Tuesday, August 28, 2018

Heart Burn: Are we treating for too long?

Heart burn is a common phenomenon that can be characterized by a burning sensation in the throat, and chest. Heartburn is relatively easy to treat with a variety of OTC and prescription products. Proton Pump inhibitors (PPIs) are the premier drug class for treating heart burn, and have had a reputation for being benign drugs, until recently.

New evidence is emerging about long term use of PPIs showing correlations between opportunistic infections, pneumonia, and malabsorption of nutrients.1,2 The current recommendation for PPIs for heartburn is 8 weeks, but the reality is many patients surpass this time-frame.

Health care providers should be striving to limit PPI therapy duration in patients to avoid these complications until more information is available.

Difficulty Ceasing?

In patients that have surpassed the recommended 8-week therapy duration, there are two main barriers that make it difficult to terminate therapy.

One of the barriers stopping PPIs therapy cessation is patient preference. Most patients are not optimistic about stopping their PPI therapy, because of how well they work.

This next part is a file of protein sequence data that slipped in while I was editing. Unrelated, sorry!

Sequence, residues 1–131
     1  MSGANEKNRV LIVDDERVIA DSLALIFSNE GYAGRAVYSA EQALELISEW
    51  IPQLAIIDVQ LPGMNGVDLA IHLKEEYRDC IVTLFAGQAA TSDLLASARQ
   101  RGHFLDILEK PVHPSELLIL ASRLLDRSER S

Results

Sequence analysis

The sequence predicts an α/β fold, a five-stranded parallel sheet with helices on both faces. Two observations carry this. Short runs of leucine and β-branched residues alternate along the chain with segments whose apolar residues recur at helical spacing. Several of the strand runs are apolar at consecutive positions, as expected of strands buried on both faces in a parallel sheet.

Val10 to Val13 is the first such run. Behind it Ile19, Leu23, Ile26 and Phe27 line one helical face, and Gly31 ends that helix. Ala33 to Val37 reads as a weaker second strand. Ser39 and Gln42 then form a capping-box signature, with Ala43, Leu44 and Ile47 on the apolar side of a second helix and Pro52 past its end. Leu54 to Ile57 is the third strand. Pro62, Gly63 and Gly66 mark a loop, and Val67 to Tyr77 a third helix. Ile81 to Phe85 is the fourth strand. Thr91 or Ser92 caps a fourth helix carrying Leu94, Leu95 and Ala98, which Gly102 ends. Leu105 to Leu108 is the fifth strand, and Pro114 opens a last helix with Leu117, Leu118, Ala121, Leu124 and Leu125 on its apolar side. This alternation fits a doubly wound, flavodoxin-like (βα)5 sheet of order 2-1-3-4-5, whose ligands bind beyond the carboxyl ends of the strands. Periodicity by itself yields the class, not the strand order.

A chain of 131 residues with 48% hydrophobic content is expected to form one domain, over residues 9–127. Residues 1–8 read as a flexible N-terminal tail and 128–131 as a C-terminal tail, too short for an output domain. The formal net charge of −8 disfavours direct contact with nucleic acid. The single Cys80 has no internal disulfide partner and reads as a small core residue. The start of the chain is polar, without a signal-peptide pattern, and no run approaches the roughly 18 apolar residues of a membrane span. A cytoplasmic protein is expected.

The second barrier that causes issues with cessation of PPI therapies is the perceptions of health care providers.  PPIs have been available since 1988, and many healthcare professionals view them as safe drugs. Since most health care professionals view them as harmless, they are less likely to intervene with patients using PPIs long term.

Who does this affect the most?

Although long durations of PPI therapy should be a concern for all patients, it is especially troublesome in older adults. Older adults are more prone to infection, and are more likely to suffer from nutritional deficiencies. Long term PPI use in older adults also adds an extra layer of issues due to drug interactions. To limit this potential harm, it is important to always address any PPI use in older adults.

What can we do?

The best way to decrease complications of long term PPI use in heartburn patients is to play a more active role in product selection, and therapy duration discussions.


1) Recommend lifestyle interventions such as exercise, weight loss, and limiting meals before bed.3

2) Consider other drug classes first before PPIs when dealing with mild & moderate cases of heartburn.

3) Discuss with patient and prescribers expected duration of therapy prior to PPI initiation.

4) Investigate any patient prescribed PPIs for longer than 8 weeks and discuss possible taper options.